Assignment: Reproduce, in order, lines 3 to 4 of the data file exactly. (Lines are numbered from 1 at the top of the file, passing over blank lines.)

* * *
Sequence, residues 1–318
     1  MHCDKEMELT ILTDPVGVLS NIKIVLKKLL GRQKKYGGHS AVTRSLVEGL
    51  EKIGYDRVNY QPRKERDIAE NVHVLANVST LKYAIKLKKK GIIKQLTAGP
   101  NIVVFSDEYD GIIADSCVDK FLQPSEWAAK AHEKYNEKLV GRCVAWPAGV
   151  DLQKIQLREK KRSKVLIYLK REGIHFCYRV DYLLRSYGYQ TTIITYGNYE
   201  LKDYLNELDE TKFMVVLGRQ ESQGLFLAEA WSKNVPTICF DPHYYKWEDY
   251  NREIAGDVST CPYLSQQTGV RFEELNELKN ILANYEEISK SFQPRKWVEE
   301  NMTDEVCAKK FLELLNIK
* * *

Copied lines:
    51  EKIGYDRVNY QPRKERDIAE NVHVLANVST LKYAIKLKKK GIIKQLTAGP
   101  NIVVFSDEYD GIIADSCVDK FLQPSEWAAK AHEKYNEKLV GRCVAWPAGV